History Archives | Page 6 of 17 | Maryland Food Bank

Out of School Doesn’t Mean Out of Luck: Summer Clubs

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September 13, 2017

A Local Effort: Hurricane Harvey and Hurricane Irma Recovery

Hurricanes Harvey and Irma caused billions of dollars worth of damage to Texas and Florida. And with it, millions of locals were left displaced and without basic necessities.

To help communities devastated by the storms, organizations throughout the nation joined forces to provide volunteers and resources to the affected areas. Thanks to the support of our generous donors, the Maryland Food Bank was among those organizations that was able to act quickly and help those in need.

September 6, 2017

Gleaning Wisdom: Perspectives Change

Through this fourth installment of Gleaning Wisdom, Amy explores how tragedy can change one’s perspective. While reflecting upon recent events, she examines how her personal experiences have shaped her opinions on hunger over the years.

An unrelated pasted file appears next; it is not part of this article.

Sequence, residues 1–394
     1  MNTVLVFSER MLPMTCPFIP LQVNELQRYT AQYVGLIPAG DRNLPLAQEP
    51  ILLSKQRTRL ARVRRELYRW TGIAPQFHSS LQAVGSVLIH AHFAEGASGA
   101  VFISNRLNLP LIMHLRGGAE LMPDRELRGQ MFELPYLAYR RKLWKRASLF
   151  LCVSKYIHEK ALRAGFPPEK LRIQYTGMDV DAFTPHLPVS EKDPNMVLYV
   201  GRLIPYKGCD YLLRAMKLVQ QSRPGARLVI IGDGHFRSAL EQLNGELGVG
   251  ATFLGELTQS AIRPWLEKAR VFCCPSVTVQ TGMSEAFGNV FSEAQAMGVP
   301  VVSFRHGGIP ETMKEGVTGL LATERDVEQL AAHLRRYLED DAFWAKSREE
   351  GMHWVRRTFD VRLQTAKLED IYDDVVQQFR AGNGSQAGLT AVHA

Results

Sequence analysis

August 22, 2017

Gleaning Wisdom: Managing Logistics

In this third installment of Gleaning Wisdom, Amy explores the logistics of managing dozens of partner farms. The simple fact that farms that grow a variety of produce, much of which peaks at different times of the year, is a challenge on its own. When Mother Nature decides to exert her power and deluge the Eastern Shore with five inches of rain in one day while leaving Baltimore County dry for five weeks, things get even more complicated.

August 15, 2017

Planting Seeds of Thought: Community Gardens

Planting, maintaining, harvesting, and donating fresh produce from community gardens teaches kids important lessons about agriculture and philanthropy. We checked in with two local schools — one in Baltimore County and one in Caroline County — to learn how their community gardens were impacting students, teachers, and neighborhoods.

August 8, 2017

Gleaning Wisdom: Midsummer Update

Gleaning Wisdom is a blog featuring Farm to Food Bank Coordinator Amy Cawley as she shares the latest updates on partner farms, what produce is coming from the Eastern Shore, and which awesome volunteers are helping our program

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